BK: Why it works*: The primary component of Lavender EO, linalool, has been shown to relieve stress in laboratory animals, as demonstrated by the suppression of stress markers in the blood when the odorant is inhaled.
LB: In your carryon, pack a plastic baggie with damp folded paper towels. Add 1 drop of EO of peppermint to each one. Before landing, use one of these to moisten and freshen the back of your neck, your wrists and hands (and the soles of your feet if you can get away with that). Don’t get it near your eyes, however. You’ll feel like a new person! An extra benefit of peppermint EO is its digestive properties. It can calm an upset stomach.
BK: Why it works*: In this case the components of the essential oil enter the system by the process known as transdermal absorption. Some components enter the bloodstream, while others interact with protein receptors in the skin and surrounding tissues. The principal chemical component of peppermint is menthol. In aromatherapy it is known to have natural tonic and analgesic effects. Peppermint oil has been shown to reduce daytime sleepiness in humans. It is also widely recognized as an alternative medical therapy for irritable bowel syndrome.
Once You Arrive:
LB: Once you arrive at your hotel, unpack the aromatherapy linen spray with Lemon and Geranium EOs that you made at home just for this trip:
In a two ounce spray bottle filled 2/3 full with distilled or spring water, add:
10 drops of lemon EO (fresh and antiseptic)
10 drops of lavender EO (calming and balancing)
Spray it on your pillow to ensure a pleasant environment far from home as well as a good night’s sleep.
BK: Why it works*: Inhalation of lemon oil vapor produced anti-stress effects in laboratory mice. In controlled clinical studies lemon EO was shown to reliably enhance positive mood. The major components of lemon and geranium EOs are among the most volatile of the plant terpenes. Thus solutions containing these EOs should be as fresh as possible.
LB: Here is a formula for general jet-lag symptoms that can be used as a bath or shower oil, a body oil, or just to inhale. The combination of Essential Oils (the “synergy”) will bring you balance and help center you after a long trip, going or returning.
Carefully pour one ounce of grape seed or jojoba oil in a small dropper bottle, then add the following:
5 drops of sandalwood EO (grounding)
5 drops of bergamot or sweet orange EO (cheering)
5 drops of Clary Sage EO (enhances intuition and perception)
Put a few drops on your wrists, in your bath, or even on the air-conditioner grate.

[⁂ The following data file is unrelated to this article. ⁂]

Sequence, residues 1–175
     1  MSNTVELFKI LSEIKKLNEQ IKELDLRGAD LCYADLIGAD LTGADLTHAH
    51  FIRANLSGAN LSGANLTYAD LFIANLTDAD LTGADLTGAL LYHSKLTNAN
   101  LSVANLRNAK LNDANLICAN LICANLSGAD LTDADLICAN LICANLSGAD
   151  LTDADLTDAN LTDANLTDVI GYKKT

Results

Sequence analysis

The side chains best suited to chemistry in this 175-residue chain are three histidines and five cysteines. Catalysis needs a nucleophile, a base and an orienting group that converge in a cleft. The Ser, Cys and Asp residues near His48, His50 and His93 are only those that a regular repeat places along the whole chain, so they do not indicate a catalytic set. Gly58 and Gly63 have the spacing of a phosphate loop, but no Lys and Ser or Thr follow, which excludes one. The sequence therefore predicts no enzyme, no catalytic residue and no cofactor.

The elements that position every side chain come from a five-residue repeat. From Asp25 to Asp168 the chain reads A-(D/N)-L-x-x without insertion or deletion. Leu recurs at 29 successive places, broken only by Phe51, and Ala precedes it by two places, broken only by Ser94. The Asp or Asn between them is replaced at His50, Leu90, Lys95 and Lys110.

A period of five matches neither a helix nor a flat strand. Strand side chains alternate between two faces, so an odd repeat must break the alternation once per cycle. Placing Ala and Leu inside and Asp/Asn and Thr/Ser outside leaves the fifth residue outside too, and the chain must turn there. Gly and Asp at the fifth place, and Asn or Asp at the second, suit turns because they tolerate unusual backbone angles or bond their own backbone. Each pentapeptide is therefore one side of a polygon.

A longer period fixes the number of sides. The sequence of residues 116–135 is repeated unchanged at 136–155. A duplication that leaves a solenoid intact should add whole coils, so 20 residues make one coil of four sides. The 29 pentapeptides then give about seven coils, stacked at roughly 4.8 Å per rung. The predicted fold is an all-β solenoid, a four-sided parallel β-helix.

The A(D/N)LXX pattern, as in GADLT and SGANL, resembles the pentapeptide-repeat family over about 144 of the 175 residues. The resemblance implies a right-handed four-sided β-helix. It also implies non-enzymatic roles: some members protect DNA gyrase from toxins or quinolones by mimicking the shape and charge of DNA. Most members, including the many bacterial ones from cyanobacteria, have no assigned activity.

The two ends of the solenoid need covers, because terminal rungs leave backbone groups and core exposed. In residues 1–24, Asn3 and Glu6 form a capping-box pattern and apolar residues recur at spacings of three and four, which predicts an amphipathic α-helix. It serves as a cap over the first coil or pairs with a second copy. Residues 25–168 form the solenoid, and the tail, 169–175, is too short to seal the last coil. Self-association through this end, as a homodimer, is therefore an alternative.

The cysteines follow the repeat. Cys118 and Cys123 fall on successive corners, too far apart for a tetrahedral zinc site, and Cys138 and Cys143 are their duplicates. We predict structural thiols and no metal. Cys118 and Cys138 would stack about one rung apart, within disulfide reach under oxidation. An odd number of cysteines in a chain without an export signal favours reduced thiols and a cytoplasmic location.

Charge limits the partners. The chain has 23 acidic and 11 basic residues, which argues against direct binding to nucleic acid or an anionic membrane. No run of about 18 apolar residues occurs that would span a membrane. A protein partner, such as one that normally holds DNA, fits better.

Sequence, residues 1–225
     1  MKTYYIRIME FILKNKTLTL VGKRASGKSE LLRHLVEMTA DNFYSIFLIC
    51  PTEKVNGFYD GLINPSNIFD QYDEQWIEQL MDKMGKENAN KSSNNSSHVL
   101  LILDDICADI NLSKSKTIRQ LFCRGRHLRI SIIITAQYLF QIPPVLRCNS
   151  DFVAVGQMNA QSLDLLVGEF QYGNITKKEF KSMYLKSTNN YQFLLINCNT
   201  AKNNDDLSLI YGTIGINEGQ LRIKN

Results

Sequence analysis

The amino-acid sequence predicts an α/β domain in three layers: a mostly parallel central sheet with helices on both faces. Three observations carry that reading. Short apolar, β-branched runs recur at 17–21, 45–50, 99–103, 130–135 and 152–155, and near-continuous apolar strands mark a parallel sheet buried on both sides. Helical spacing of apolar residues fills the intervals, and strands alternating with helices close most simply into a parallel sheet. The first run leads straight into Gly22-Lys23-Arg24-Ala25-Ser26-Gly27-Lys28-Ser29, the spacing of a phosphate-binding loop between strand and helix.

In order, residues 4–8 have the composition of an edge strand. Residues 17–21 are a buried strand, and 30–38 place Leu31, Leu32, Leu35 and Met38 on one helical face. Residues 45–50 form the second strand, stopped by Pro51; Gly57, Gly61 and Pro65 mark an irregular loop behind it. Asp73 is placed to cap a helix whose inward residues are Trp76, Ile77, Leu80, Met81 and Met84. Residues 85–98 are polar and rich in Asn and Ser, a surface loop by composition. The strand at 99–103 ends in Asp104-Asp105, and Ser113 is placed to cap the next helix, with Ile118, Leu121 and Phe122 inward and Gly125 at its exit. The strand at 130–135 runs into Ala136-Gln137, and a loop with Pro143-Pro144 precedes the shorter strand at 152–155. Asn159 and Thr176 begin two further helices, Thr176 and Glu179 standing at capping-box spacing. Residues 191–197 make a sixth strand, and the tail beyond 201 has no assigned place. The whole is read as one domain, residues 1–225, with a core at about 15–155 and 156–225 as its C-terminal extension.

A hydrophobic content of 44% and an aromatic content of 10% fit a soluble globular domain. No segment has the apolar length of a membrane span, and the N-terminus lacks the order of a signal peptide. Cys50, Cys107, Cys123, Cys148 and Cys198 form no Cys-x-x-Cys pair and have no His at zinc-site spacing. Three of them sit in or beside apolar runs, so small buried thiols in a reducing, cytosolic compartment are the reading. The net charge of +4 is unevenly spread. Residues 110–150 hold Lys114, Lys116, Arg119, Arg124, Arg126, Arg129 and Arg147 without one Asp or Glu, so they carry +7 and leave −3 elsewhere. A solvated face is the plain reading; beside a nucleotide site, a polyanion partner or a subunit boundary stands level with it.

LB: Aromatherapy works! Think Cleopatra wafting trails of lovely plant-based infusions as she sailed along the Nile, and don’t leave home without *your* essential oils – they are the lifeblood of the healing plants and your scientifically-proven natural solution to ease the stresses of modern-day globe-trotting. Ginger, Lavender, Peppermint, Chamomile and Rosemary are among the essential oils that can be with you in small bottles inside a little mint tin when you travel. In our next article we’ll give directions for making one of these travel kits.
BK: *The aromatherapeutic use of essential oils is similar to other molecular-based therapies, in that responses should be expected to vary from person to person. The reasons for this are that essential oils are complex chemical mixtures, and that the array of protein receptors in our olfactory system is determined by our individual genetic make-up. As with any plant material, some people may have a sensitivity to certain Essential Oils. Always dilute an EO that you put on your skin (20:1 is a suggested ratio, EO to carrier medium) and make sure to do a patch test before you travel if you have concerns.
For more information on the art and science of aromatherapy and essential oil, visit our educational website: www.chemaroma.com
Website update debuts!
Our ChemAroma website, online since 2006, has been updated with a new design and more comprehensive information.
Bill will post on research and the fascinating chemistry of Essential Oils.
Lyn will post on hands-on ideas for using EOs in everyday life for health well-being, and even artistic inspiration!
Welcome to the new Chemaroma!
Bill & Lyn
Dr. Bill Kurtin is a biochemist, with a distinguished record of teaching and research at Trinity University in San Antonio, TX.